Just imagine receiving a billing statement in an Excel 365 spreadsheet while you’ve still only got Excel 2007 installed. Or, sending a business proposal in Word 2003 format while your prospective client is using Word 2019 already. Some important details could figuratively get lost in translation.

  4. Maintenance Costs.

    Refusing to immediately upgrade may save you on upgrading costs, but what you fail to realise is that this move could also bring your business other expenses. For one, some developers may continue to provide tech support and bug fixes for EOL software but these are available at steep prices.

    There’s also the very real possibility that you could run into technical issues, and would need costly IT services to get the application working as it should. If you were to going to partner up and use the services of an IT company, it would be much better to do so for the upgrade of your software.

Tips in Managing Software EOL

Now knowing what the potential dangers are with software EOL, how should enterprises deal with it? There are, of course, no hard and fast rules for this but the following tips should give you a good place to start.

  1. Take a network inventory of your assets. A network inventory software is generally utilised by organisations keep track of all their network devices including the relevant software and hardware, and ensure that these stay well-managed and functioning for as long as possible. However, it can also play a major role in helping you manage product lifecycles so that you won’t be taken by surprise when it’s time to prepare for upgrading or termination.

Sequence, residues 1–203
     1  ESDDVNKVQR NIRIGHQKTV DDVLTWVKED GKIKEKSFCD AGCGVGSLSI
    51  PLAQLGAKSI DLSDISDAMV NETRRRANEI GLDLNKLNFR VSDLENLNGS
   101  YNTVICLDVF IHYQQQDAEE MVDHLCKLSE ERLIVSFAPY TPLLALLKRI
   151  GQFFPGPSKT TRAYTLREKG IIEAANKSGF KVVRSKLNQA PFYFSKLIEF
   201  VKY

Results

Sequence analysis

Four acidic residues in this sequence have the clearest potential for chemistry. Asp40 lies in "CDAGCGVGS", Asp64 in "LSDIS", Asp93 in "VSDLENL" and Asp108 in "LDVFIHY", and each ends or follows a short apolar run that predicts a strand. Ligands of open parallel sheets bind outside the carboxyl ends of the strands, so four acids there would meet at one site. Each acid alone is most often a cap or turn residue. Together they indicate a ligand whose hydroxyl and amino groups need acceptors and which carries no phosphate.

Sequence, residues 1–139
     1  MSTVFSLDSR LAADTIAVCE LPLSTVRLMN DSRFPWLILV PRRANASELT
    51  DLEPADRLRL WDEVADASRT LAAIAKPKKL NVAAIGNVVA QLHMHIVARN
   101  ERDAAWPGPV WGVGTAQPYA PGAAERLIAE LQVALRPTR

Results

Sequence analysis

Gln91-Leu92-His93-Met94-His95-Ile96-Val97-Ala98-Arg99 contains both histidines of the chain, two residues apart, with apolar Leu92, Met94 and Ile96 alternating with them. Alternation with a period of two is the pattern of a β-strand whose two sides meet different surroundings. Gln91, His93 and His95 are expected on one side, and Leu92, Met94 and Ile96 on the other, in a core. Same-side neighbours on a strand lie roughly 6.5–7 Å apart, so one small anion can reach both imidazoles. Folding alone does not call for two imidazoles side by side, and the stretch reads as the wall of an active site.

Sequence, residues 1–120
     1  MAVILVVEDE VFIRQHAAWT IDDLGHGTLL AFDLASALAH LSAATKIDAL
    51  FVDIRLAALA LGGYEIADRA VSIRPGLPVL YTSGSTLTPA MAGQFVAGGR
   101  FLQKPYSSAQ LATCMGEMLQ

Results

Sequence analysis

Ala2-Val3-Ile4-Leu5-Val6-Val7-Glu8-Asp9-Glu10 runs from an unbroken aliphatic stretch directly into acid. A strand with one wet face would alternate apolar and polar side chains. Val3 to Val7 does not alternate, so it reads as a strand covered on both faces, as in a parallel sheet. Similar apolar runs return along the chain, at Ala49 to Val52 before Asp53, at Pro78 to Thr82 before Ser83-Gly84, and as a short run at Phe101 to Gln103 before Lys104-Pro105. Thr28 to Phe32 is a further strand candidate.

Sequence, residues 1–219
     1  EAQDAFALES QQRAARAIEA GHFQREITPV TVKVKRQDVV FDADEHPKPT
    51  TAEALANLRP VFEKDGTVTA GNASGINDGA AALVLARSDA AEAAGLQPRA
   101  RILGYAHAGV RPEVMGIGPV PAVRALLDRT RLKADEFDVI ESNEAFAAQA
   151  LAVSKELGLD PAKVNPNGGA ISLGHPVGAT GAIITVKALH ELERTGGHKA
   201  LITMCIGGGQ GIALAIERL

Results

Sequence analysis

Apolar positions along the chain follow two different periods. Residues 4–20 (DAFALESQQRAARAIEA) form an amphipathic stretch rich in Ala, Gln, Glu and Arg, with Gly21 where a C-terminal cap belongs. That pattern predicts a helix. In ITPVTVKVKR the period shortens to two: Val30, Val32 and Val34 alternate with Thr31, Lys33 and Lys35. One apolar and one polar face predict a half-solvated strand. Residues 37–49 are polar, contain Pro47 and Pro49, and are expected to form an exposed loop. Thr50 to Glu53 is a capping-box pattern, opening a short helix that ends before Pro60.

2. Determine the phasing out process for a product that is no longer needed. While a product may still be functional even when updates/fixes are stopped, it’s easy to run into issues with continued use. Therefore when an application nearing EOL is not essential to the company or could be replaced by a better software, the most practical approach would be to prepare for its phasing out before the actual EOL hits. The process includes ensuring that data is securely migrated to the new software.

  3. Monitor EOL timelines for critical software. You don’t want any unwanted surprises when it comes to software or systems that are crucial to business operations. Make sure that the software upgrade and/or transtion to new applications would be as smooth and efficient as possible for minimal disruption. This could require complex installations, as well as training for employees, among other activities.

  4. Find a reliable IT services company to facilitate a seamless transition. In the absence of an inhouse tech team, the upgrade process could get overwhelming for many organisations. Here’s where you would need the assistance of an IT company that provides consultancy services and assistance to help make system overhauls and upgrades/transitions related to software EOL a seamless process.